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Jules Verne: Biography, Books & Inventions

Instructor: Joshua Wimmer

Joshua holds a master's degree in Latin and has taught a variety of Classical literature and language courses.

Plunge '20,000 Leagues Under the Sea' and travel 'Around the World in Eighty Days' in this lesson on the life and work of Jules Verne! Read on to learn more about this 'Father of Science Fiction' and the innovations he helped make science fact.

Man of a Thousand Journeys: A Biography of Jules Verne

The first voyage of Jules Verne begins with his birth on February 8, 1828 in Nantes, France. Growing up in this port town, Verne was fascinated by all the ships and the stories they could tell. They stirred his young imagination so much that he expressed it through poetry and short stories from an early age, when he also immersed himself in geography and tales of adventure and discovery. His father Pierre, however, wished for his son to be a lawyer as he was, so by 1850 Jules had left for law school in Paris.

While in Paris, Verne took a liking to the theater rather than to the law and soon began writing several plays and operettas. His new friend Alexandre Dumas (author of The Three Musketeers and The Count of Monte Cristo) encouraged the fledgling writer to pursue his talent further. Eventually, Verne quit law altogether and began writing full-time. Unfortunately, his plays were not successful enough to pay the bills, so he took a job as a stockbroker. With a new financial safety net, Verne expanded his family - marrying Honorine de Viane and adopting her two girls, Suzanne and Valentine, in 1857.

The Verne family grew once more in 1861 with the addition of the couple's only child together, Michel. Two years later, in 1863, Verne was finally introduced to Jules Hetzel: the man responsible for truly launching his literary career. Becoming both his publisher and publicist, that year Hetzel serialized Verne's Five Weeks in a Balloon, the first novel of his Extraordinary Voyages.

The Father of Science Fiction, Jules Gabriel Verne (1828-1905) in a photo taken by his friend, renowned photographer Felix Nadar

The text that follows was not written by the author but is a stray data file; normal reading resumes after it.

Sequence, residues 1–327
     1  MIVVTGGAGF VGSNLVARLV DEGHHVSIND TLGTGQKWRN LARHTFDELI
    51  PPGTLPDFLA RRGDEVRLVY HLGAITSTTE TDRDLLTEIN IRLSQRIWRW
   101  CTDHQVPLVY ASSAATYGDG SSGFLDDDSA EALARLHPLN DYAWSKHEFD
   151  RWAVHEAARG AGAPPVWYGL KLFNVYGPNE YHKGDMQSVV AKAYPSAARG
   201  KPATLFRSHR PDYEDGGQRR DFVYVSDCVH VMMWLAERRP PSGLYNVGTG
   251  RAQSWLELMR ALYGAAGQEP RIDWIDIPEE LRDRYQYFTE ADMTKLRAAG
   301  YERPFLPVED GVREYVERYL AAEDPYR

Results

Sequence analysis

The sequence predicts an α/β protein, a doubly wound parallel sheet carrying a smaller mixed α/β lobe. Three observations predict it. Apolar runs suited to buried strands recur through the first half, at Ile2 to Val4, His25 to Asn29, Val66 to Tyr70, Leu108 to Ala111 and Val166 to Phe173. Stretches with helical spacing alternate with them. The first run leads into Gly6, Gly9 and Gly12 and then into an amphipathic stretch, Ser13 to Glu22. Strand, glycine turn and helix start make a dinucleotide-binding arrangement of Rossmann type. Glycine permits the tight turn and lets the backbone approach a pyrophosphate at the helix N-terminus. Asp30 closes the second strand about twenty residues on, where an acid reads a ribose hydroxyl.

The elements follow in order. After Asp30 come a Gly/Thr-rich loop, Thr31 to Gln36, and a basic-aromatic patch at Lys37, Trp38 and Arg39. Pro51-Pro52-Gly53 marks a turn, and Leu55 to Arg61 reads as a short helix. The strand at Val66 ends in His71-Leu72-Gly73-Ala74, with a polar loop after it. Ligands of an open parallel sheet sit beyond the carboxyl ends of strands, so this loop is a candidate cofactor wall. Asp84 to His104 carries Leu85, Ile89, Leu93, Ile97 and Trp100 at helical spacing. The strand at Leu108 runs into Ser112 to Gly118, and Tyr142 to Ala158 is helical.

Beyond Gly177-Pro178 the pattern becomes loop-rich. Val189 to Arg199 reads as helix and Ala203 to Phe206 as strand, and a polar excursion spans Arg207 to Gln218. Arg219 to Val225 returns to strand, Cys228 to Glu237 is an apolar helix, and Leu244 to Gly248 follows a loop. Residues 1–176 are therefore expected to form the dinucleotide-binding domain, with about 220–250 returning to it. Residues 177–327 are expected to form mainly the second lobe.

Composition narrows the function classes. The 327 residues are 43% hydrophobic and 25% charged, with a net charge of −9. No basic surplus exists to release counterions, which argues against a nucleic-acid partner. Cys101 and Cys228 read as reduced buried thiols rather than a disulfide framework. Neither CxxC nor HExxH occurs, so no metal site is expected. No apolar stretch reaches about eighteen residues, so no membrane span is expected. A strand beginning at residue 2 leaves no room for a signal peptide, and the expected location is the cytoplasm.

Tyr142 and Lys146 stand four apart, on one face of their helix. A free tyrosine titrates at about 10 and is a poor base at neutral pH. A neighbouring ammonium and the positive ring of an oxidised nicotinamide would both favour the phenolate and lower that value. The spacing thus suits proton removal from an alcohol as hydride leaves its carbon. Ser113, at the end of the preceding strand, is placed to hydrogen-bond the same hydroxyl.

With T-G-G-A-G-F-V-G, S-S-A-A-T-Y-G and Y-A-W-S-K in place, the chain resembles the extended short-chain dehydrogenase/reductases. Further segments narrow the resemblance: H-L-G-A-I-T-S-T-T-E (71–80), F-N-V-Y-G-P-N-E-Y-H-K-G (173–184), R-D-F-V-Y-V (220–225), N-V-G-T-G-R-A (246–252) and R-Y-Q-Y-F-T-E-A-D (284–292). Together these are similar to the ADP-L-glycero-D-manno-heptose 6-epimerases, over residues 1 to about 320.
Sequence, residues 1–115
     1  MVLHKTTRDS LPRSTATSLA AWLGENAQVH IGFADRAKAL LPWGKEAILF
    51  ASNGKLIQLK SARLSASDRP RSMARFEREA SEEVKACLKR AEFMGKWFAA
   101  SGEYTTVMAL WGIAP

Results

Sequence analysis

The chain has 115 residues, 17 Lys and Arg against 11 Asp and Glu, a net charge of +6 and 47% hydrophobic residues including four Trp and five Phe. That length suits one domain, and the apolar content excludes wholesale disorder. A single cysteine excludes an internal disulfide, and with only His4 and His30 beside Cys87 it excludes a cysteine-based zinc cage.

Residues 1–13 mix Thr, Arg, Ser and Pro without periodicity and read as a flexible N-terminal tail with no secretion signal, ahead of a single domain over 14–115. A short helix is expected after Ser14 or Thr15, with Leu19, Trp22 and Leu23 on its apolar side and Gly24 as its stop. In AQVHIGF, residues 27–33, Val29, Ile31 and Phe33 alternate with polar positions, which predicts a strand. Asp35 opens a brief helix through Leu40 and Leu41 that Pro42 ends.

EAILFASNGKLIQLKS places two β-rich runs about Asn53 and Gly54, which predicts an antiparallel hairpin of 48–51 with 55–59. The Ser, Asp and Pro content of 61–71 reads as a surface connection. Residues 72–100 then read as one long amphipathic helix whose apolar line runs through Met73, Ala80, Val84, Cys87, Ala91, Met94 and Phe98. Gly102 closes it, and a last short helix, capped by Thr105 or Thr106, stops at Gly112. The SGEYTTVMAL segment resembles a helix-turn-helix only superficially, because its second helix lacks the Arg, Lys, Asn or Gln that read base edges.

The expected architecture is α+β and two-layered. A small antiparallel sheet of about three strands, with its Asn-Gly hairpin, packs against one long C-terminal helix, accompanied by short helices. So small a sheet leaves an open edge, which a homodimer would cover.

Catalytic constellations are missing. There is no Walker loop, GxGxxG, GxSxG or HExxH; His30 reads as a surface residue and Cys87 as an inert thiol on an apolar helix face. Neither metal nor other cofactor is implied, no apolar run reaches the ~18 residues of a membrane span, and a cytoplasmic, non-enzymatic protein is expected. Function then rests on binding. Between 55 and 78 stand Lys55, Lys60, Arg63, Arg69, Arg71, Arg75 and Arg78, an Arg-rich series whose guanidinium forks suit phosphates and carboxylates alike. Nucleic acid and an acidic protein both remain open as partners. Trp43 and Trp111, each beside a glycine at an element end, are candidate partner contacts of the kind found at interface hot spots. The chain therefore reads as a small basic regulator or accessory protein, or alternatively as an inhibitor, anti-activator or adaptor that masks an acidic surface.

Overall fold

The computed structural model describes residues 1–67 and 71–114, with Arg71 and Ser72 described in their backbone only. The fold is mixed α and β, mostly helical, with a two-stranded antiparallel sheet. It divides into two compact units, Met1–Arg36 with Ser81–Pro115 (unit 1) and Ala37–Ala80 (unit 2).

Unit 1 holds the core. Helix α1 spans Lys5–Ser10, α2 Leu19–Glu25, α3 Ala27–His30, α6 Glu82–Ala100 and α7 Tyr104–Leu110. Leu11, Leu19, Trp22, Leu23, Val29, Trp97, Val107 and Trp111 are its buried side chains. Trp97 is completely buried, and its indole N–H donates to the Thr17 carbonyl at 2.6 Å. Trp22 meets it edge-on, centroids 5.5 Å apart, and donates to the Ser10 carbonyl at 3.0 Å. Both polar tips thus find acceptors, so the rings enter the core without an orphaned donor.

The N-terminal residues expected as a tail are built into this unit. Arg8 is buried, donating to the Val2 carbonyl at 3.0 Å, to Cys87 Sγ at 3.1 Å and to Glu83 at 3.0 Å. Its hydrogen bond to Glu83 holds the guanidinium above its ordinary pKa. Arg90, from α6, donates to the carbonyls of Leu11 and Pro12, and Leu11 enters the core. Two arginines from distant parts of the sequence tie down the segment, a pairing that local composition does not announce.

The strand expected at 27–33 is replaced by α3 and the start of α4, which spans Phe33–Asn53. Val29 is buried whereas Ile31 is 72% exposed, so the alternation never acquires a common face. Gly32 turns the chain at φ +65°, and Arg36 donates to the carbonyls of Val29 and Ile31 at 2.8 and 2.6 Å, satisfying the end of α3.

Photo of Jules Verne

Shortly thereafter, Verne met another huge influence on his career. Felix Nadar would introduce him to a new world of scientific people and ideas that would feed his fascination with transportation. Verne used the knowledge he collected on his voyages through the Mediterranean, the British Isles, and America to ground his fictional inventions and theories in as much scientific fact as was available. Over the next decade, Verne's fame as a novelist skyrocketed, and he would publish many of his most highly acclaimed works between 1864 and 1875.

Though there were early setbacks, the literary career of Jules Verne is a highly distinguished one. With more than 70 publications before his death in Amiens, France, in March 1905, his works revolutionized the novel and scientific thought of the 19th and 20th centuries, and still continue to do so in the 21st. Keep reading to get a look at just a few of Verne's innovative conglomerations of science fact and fiction.

Books by Jules Verne

Verne was quite a prolific writer, with over a hundred individual titles to his name. Just over half of that work is contained in a series known as the Voyages Extraordinaires (Extraordinary Journeys): a collection of 54 novels devoted to exploring the far reaches of scientific and literary imagination. The Voyages Extraordinaires contained each of the four novels below.

After the death of his father in 1905, Michel Verne added eight new titles to the collection (above), some of which were his own creation.
Cover to one of the __Extraordinary Journeys__

1864: Journey to the Center of the Earth

Now considered one of Verne's more fanciful works, Journey to the Center of the Earth introduced audiences to Otto Lidenbrock and the evolving science of geology. The author's estimation of what we might find deep beneath the Earth's surface may have been wildly askew; nevertheless, this tale of perilous adventure has remained a classic with audiences for the past 150 years.

1865: From the Earth to the Moon

Fourth in the series of Extraordinary Journeys, this may be one of Verne's most 'prophetic' novels. It describes a group of weapons aficionados that wants to see if they can build a gun capable of launching a capsule to the moon. Many of the innovations Verne imagined in From the Earth to the Moon were later realized as part of the space program. He almost even pinpointed the location of Kennedy Space Center in Florida over a century before its construction!

1869-1870: 20,000 Leagues Under the Sea

Like Journey to the Center of the Earth, this novel is one of Verne's all-time classics. Following the undersea voyages of the enigmatic Captain Nemo, readers climb aboard his high-tech submarine Nautilus. Here many of the inspirations for advancements in deep-sea exploration can be found.

1873: Around the World in Eighty Days

Despite Verne's fondness for balloons and the images many of us might have of Phileas Fogg's whirlwind trip around the world, nowhere in the novel does he travel by such means! Instead, Fogg and his faithful valet skip across the globe via trains, ships, and various other means of transportation available at the time. One of the author's most widely acclaimed works, Around the World in Eighty Days has been adapted into many other forms, including a stage version by Verne himself.

Inventions Inspired by Verne

Anything one man can imagine, other men can make real. - Jules Verne

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